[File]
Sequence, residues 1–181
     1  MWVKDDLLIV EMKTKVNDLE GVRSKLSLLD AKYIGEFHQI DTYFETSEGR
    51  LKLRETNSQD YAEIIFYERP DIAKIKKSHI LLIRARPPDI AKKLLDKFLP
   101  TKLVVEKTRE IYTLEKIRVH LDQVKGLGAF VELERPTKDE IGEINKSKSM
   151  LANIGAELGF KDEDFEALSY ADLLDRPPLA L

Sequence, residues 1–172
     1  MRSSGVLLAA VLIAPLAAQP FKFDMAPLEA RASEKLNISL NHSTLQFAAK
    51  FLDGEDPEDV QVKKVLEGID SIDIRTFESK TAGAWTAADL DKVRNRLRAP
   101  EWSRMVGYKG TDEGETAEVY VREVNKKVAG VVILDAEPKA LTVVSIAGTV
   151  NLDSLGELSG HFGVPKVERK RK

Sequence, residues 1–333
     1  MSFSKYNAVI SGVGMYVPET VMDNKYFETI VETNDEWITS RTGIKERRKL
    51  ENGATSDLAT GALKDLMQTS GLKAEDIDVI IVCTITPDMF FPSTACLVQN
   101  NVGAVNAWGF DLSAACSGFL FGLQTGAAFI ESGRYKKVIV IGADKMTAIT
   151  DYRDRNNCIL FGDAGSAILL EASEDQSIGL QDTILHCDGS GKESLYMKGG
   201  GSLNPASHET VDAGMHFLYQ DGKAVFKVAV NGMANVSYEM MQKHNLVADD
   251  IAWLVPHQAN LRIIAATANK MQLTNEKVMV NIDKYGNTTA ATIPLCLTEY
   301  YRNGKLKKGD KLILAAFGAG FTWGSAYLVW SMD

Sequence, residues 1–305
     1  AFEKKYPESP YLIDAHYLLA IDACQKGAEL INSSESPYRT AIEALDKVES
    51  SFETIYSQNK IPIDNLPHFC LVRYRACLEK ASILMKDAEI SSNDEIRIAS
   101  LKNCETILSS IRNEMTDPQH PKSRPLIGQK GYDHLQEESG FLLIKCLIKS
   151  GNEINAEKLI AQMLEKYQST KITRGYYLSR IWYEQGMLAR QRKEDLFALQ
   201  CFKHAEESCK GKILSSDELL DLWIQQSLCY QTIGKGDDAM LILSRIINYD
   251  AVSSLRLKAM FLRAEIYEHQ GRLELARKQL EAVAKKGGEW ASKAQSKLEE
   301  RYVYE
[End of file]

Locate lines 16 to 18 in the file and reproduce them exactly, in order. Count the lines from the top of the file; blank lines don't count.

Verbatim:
   201  GSLNPASHET VDAGMHFLYQ DGKAVFKVAV NGMANVSYEM MQKHNLVADD
   251  IAWLVPHQAN LRIIAATANK MQLTNEKVMV NIDKYGNTTA ATIPLCLTEY
   301  YRNGKLKKGD KLILAAFGAG FTWGSAYLVW SMD